Jim Hoeger, chair of the Stewardship Committee

I must have been about 13 years old when I saw the 10-speed Schwinn bicycle in the store.  I knew immediately that I would do almost anything to have that bicycle.  After discussing it with my parents, I decided to pursue a newspaper route to earn the money for the bicycle. Growing up in North Dakota. I knew that some of those early winter mornings were going to be rough, but my parents encouraged me and I was excited to be able to earn some money.

I remember the first time I collected money for the papers I had delivered.  I had earned a few dollars after paying for the newspapers.  That evening I told my father what I had earned,  and he informed me that he expected me to put half of the earnings into a savings account.  When I asked him why, he explained his philosophy of money. Earning money brings three principal responsibilities for the use of that money:

    • Caring for your personal needs.
    • Caring for your family’s needs.
    • Saving for your future.

Only after you have met these responsibilities should you spend money on other things.

So, you see, my father was a very frugal man. He explained that I was living in his household, and as a young boy I didn’t have any responsibility for family, so the first two responsibilities didn’t apply to me. However, in my father’s mind I had a responsibility to save for my future.

You can imagine my disappointment when I learned that my father expected me to save half of my earnings.  That meant that it would take twice a long for me to earn enough money to purchase the bicycle I wanted.  I sensed that this wasn’t a strict rule, but I knew what my father expected and I wanted to please him.  I followed my father’s wishes and put half of my earnings in savings.  Within a few months I purchased the bicycle.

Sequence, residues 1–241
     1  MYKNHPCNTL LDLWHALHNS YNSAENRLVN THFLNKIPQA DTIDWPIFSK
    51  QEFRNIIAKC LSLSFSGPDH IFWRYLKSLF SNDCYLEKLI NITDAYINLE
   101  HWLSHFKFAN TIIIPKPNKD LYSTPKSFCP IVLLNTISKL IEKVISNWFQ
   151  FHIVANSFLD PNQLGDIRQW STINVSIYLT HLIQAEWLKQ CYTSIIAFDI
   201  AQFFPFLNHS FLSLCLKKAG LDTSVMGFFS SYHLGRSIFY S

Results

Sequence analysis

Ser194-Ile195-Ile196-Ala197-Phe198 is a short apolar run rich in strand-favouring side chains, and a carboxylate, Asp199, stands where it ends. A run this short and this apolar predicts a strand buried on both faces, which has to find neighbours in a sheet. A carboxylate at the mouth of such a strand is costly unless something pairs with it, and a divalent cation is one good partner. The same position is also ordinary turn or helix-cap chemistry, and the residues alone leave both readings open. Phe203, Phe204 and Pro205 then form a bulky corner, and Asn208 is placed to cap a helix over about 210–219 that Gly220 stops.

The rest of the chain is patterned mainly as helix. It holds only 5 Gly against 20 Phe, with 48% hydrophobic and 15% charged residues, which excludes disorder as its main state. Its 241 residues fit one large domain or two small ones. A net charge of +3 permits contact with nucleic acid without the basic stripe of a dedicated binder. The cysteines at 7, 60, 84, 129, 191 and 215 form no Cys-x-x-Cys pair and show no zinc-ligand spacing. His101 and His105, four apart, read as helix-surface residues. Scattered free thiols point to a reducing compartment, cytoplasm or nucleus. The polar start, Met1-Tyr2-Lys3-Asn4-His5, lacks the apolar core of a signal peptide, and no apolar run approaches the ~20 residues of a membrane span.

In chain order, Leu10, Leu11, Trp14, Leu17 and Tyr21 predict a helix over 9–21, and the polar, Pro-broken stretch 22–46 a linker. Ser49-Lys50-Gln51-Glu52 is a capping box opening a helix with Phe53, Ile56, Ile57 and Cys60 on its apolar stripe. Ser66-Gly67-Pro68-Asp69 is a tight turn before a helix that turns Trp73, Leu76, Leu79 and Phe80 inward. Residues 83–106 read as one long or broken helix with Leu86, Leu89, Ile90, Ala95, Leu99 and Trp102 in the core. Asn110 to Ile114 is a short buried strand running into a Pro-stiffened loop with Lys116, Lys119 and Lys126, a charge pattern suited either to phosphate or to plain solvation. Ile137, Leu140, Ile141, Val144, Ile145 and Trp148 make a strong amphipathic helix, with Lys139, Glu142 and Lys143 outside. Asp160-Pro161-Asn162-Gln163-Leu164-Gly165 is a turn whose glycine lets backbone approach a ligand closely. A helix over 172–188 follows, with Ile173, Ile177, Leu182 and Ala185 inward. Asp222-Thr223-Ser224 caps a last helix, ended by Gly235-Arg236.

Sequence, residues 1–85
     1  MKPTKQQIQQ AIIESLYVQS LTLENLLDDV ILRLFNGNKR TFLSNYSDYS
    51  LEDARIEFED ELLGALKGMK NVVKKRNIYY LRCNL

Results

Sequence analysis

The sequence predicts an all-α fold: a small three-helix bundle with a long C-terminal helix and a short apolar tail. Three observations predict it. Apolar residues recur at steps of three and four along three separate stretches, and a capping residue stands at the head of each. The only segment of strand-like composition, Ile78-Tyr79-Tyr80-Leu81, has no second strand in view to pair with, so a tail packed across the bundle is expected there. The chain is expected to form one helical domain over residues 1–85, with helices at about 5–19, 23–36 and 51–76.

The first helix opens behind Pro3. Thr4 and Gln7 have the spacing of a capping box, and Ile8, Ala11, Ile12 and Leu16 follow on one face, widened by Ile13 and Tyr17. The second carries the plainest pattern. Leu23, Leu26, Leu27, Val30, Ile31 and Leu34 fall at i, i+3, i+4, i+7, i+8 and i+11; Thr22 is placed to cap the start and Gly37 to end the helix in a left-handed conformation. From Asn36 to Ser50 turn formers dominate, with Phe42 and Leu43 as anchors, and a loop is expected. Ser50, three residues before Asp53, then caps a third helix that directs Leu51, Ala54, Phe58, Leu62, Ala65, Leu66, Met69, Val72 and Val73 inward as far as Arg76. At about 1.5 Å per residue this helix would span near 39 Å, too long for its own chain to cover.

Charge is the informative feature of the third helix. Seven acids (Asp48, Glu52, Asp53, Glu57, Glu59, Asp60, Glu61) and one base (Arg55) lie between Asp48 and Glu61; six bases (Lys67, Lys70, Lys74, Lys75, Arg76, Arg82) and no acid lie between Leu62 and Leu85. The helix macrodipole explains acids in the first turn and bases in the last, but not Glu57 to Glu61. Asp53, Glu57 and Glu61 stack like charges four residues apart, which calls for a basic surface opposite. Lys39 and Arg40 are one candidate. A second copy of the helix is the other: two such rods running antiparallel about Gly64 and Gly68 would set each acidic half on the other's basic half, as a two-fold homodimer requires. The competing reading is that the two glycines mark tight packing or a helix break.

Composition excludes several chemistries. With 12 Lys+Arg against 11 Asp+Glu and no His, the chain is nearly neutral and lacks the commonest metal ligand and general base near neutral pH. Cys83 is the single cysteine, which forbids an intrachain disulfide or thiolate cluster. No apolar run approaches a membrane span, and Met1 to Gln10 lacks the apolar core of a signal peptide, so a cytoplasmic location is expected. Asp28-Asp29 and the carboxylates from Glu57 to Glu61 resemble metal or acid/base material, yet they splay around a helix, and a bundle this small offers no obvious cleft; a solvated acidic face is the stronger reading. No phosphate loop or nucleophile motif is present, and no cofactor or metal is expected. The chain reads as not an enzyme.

I carried the lesson of my father’s financial discipline into my adult life. And, like the example set by my parents, I have been charitable and I give to the church. But several years ago, I wrestled with the question of how much I should give to the church.  What did God expect of me?

For me, the answer to this question came through prayer and meditation on God’s word. Not surprisingly, the answer from my heavenly Father echoed my earthly father’s advice. My heavenly Father revealed to me that I have three principal responsibilities with respect to my earnings.

    • First, He wants me to take care of my most basic needs.  I am His, and He wants me to flourish so I can do His work.
    • Secondly, he wants me to take care of the family of Christ.  I have a responsibility to be sure that my fellow Christians are fed in body and spirit, as well as a responsibility to ensure that the house of the Lord is maintained to provide shelter for those who seek his presence.
    • Thirdly, I have the responsibility to save for my future with Christ.

Oh, I know I can’t take my money with me when I die.  But Jesus said, “that which you do for the least of these, you do for me.”  So, when I give to those in need, I am saving for my future in heaven.

I know I will be welcomed into heaven by the grace of Jesus Christ, but it is my choice to arrive in heaven rich in the blessings that I have saved up in this world.